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Mapped: All the MPs standing down at the next election

 (Getty Images/iStockphoto)
(Getty Images/iStockphoto)

Robert Halfon has become the latest Conservative MP to announce he will not stand at the next general election.

The skills, apprenticeships and higher education minister unexpectedly quit at the same time as James Heappey followed through on his intention to step down as armed forces minister.

Mr Halfon, a veteran MP for Harlow, had served in a series of senior roles since first being elected to Parliament in 2010.

He said in a letter to Rishi Sunak: “After well over two decades as the Harlow Parliamentary Candidate and as MP, I feel that it is time for me to step down at the forthcoming general election, and in doing so, to resign as a minister in your Government.”

Robert Halfon and James Heappey have both resigned from government ((PA))
Robert Halfon and James Heappey have both resigned from government ((PA))

Mr Heappey, who represents Wells, had reportedly been on “resignation watch” from his ministerial role after telling colleagues privately that he was unhappy about the level of defence spending.

The former soldier issued a departing plea last week for the defence spending target of 2.5 per cent of GDP to be “achieved urgently”.

Mr Heappey, who would have been defending a majority of 9,991,  joins a growing number of Conservative MPs deciding to quit politics, including several high-profile ex-cabinet secretaries and other ministers.

As of 26 March, 63 Conservative MPs have said publicly they are either standing down from Parliament or not contesting their current seat at the general election.

Former prime minister Theresa May announced she would quit earlier in March, becoming the most high-profile departing MP since Boris Johnson resigned after being found guilty of misleading MPs over the Partygate scandal.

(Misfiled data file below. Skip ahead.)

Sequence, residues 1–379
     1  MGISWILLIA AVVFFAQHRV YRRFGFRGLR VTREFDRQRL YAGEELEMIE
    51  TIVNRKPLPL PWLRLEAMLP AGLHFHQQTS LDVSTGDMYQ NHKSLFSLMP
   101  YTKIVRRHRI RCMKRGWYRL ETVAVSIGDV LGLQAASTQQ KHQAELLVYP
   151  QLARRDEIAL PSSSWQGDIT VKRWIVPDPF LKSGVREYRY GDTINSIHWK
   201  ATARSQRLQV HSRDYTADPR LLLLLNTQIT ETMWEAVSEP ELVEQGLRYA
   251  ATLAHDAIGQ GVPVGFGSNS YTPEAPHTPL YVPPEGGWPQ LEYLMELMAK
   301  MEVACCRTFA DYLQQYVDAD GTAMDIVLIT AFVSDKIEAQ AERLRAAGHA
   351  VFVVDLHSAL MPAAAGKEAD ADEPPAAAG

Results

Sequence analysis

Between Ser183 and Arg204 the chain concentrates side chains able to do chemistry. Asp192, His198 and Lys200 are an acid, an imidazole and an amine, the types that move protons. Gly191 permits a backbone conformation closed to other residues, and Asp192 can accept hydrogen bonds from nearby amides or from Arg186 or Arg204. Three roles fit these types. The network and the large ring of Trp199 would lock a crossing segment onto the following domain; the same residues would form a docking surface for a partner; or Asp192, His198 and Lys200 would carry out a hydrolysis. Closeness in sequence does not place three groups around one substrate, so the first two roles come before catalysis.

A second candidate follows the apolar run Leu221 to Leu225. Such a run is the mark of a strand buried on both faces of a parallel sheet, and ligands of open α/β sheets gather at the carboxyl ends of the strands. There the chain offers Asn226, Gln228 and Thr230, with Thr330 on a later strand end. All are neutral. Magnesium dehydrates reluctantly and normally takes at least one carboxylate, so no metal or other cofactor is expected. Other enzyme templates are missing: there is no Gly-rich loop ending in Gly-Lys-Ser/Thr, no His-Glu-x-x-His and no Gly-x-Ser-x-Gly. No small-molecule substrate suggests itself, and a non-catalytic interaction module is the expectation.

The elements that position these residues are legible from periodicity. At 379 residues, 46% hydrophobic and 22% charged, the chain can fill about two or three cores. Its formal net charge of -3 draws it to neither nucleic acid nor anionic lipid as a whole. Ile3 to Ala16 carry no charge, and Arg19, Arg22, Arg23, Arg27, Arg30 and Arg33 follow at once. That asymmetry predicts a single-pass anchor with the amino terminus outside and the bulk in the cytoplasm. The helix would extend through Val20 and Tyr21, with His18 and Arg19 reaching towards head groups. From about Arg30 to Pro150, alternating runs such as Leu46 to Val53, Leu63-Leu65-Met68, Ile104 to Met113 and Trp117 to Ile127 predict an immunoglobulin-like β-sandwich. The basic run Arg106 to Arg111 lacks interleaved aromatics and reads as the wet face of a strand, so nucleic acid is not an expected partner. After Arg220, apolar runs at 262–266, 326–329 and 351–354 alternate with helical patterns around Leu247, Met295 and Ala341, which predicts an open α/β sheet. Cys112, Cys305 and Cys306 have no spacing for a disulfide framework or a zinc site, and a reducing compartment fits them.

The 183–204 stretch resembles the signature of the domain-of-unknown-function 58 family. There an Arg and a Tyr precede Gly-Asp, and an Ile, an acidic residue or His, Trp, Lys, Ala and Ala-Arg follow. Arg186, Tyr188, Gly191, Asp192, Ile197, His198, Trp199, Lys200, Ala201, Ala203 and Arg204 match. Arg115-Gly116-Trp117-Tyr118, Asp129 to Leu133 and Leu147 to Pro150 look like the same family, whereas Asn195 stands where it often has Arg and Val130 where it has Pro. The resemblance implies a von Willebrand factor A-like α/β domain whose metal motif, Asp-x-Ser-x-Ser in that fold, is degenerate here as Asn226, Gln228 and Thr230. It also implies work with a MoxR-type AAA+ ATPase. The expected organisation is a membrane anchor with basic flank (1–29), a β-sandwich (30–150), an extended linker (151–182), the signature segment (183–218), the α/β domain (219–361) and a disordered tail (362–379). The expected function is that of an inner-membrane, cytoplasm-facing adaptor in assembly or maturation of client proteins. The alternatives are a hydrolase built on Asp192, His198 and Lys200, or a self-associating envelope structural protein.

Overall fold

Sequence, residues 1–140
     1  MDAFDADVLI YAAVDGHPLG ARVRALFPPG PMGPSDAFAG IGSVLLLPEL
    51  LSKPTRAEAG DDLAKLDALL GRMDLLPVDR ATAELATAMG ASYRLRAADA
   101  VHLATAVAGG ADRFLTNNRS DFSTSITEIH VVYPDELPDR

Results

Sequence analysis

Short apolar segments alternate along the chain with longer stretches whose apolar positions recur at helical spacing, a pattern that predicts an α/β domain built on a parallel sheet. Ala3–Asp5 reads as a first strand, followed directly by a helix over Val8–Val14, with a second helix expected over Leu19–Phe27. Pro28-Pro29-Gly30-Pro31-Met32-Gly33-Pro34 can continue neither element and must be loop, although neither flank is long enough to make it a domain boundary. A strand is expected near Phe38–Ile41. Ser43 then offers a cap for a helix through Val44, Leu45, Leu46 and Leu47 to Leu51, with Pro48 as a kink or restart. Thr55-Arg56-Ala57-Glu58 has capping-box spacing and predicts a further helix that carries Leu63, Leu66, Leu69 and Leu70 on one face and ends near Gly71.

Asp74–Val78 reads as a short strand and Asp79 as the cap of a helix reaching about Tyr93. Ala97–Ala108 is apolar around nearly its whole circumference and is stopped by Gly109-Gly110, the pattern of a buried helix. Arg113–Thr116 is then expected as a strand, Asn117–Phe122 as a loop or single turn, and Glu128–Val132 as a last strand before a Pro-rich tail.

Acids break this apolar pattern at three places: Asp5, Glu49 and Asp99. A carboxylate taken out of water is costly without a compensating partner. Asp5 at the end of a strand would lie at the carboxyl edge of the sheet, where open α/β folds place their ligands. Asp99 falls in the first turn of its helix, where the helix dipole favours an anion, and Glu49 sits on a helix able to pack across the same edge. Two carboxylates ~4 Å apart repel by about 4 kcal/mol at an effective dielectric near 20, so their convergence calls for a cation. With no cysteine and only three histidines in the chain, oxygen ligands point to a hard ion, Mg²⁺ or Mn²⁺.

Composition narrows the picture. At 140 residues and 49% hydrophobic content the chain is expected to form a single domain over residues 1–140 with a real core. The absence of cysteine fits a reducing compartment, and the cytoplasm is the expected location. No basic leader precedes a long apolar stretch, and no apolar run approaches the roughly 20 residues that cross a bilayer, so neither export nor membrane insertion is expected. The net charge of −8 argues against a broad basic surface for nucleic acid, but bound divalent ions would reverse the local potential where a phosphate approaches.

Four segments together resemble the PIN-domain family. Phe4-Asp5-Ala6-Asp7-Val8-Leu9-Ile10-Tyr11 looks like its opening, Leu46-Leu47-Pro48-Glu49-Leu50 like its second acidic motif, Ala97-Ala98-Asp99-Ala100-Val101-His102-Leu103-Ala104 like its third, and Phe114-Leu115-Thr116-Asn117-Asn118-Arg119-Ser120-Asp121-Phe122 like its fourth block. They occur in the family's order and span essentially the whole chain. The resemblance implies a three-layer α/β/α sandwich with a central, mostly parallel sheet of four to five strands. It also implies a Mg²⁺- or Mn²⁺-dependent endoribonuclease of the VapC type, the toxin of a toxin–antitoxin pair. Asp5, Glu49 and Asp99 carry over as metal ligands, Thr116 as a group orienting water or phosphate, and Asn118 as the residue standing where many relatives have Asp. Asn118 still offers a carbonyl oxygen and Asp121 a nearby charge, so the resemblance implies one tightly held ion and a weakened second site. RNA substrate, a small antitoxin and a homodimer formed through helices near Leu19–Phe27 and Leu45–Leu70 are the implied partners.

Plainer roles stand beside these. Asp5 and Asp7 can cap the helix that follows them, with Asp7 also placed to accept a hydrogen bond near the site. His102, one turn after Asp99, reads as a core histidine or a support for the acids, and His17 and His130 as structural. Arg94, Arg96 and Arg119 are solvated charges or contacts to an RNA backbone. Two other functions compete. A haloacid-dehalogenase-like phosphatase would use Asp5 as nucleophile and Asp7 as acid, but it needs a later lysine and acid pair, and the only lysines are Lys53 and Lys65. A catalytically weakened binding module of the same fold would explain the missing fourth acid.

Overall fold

Tory former prime minister Theresa May (Hannah McKay/PA) (PA Wire)
Tory former prime minister Theresa May (Hannah McKay/PA) (PA Wire)

Alok Sharma, the former Cop26 president, has also announced he would stand down at the next general election, saying it had been the “honour” of his life to have served as an MP. Mr Sharma, who represents Reading West, previously held the business secretary brief.

Sajid Javid, the former health secretary, Dominic Raab, the ex-justice secretary and Ben Wallace, the former defence secretary - all of whom were at one time touted as potential future Tory leaders - are among the other big-name Conservatives who have called it a day as their party struggles in the polls.

Mr Sharma and Mr Raab, who resigned from his cabinet position following a slew of bullying allegations which he denied, would have been defending majorities of fewer than 5,000 votes at the next national poll.

Most MPs walking away from politics are Conservatives, which is unsurprising given they are the biggest party, winning 365 seats at the 2019 election.

According to the Institute for Government, the 2010 election saw more than 100 MPs stand down, mainly from the Labour Party, which had been in power since 1997.

Some MPs also announced they were standing down after the expenses scandal the same year.

Sajid Javid is among the high profile figures stepping down (REUTERS)
Sajid Javid is among the high profile figures stepping down (REUTERS)

Of all the 99 MPs standing down ahead of the next national poll - which must take place by January 2025 - 63 are Conservatives, according to the House of Commons Library.

Harriet Harman, the former Labour leader, Margaret Beckett, the former foreign secretary, and Ben Bradshaw, the former culture secretary, are among the 17 Labour MPs standing down.

Nine SNP MPs, six independents - including former health secretary Matt Hancock - one Green, one Plaid Cymru and two Sin Feinn MPs have also decided to call it a day.

Of the six independents, three - Mr Hancock, Crispin Blunt and Julian Knight - were Conservatives before they had the whip withdrawn. The three others - Conor McGinn, Bob Stewart and Nick Brown - were previously Labour MPs.

The Conservative Party is on course for a heavy defeat at the next election, according to most surveys. The opposition has also narrowed the gap in Scotland where the SNP has dominated politics since coming to power north of the border in 2007.